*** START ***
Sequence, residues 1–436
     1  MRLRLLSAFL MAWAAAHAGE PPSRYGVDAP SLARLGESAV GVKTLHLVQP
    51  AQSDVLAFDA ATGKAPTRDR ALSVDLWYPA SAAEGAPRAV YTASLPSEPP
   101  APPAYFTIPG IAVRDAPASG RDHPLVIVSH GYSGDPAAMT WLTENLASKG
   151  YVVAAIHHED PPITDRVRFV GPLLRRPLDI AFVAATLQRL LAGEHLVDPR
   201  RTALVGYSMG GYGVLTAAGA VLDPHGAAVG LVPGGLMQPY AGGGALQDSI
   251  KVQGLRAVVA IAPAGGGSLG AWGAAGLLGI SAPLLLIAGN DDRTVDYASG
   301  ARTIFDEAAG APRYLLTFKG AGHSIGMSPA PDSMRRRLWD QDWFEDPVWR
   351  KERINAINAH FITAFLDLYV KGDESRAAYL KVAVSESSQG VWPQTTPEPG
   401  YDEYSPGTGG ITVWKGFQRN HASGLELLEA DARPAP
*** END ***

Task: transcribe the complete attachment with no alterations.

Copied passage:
Sequence, residues 1–436
     1  MRLRLLSAFL MAWAAAHAGE PPSRYGVDAP SLARLGESAV GVKTLHLVQP
    51  AQSDVLAFDA ATGKAPTRDR ALSVDLWYPA SAAEGAPRAV YTASLPSEPP
   101  APPAYFTIPG IAVRDAPASG RDHPLVIVSH GYSGDPAAMT WLTENLASKG
   151  YVVAAIHHED PPITDRVRFV GPLLRRPLDI AFVAATLQRL LAGEHLVDPR
   201  RTALVGYSMG GYGVLTAAGA VLDPHGAAVG LVPGGLMQPY AGGGALQDSI
   251  KVQGLRAVVA IAPAGGGSLG AWGAAGLLGI SAPLLLIAGN DDRTVDYASG
   301  ARTIFDEAAG APRYLLTFKG AGHSIGMSPA PDSMRRRLWD QDWFEDPVWR
   351  KERINAINAH FITAFLDLYV KGDESRAAYL KVAVSESSQG VWPQTTPEPG
   401  YDEYSPGTGG ITVWKGFQRN HASGLELLEA DARPAP